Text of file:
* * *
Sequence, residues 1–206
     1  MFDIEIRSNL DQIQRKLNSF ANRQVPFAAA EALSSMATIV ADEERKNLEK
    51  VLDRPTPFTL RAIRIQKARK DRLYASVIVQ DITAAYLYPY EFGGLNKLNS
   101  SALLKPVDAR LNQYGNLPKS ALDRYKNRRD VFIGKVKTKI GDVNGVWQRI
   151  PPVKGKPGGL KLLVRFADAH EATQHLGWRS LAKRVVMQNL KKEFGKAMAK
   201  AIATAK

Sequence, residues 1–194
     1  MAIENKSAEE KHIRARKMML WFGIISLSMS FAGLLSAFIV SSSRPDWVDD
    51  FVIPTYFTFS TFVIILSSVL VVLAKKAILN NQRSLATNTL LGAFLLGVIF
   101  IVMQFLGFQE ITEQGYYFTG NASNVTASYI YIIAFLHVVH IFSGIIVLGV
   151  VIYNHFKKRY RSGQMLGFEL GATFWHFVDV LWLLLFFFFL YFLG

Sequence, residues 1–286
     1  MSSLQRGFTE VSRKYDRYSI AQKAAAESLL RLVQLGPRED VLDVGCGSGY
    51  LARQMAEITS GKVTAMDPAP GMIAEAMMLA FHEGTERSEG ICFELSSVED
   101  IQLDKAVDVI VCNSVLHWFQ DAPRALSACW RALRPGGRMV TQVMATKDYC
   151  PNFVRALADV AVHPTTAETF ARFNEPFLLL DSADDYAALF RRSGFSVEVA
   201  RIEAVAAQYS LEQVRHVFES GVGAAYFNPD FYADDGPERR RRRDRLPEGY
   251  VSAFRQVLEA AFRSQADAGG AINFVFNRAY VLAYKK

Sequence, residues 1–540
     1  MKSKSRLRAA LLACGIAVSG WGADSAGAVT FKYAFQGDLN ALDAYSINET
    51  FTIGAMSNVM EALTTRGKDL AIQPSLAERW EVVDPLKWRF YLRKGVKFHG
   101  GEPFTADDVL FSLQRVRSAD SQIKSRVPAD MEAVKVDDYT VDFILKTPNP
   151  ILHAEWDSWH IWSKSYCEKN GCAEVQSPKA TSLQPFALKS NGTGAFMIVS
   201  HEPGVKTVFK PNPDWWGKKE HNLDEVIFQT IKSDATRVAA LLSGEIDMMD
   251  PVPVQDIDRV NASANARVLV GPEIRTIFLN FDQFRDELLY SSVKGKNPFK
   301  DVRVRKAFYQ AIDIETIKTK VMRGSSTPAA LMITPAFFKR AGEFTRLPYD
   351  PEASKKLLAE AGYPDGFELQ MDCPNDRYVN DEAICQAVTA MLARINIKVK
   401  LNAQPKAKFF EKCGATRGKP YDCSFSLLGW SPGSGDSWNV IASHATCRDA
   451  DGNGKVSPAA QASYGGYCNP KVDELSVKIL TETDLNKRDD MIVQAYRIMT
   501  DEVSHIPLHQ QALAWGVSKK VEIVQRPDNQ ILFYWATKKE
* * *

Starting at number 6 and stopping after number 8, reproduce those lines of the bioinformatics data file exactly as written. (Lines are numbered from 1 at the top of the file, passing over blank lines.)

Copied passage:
   201  AIATAK

Sequence, residues 1–194
     1  MAIENKSAEE KHIRARKMML WFGIISLSMS FAGLLSAFIV SSSRPDWVDD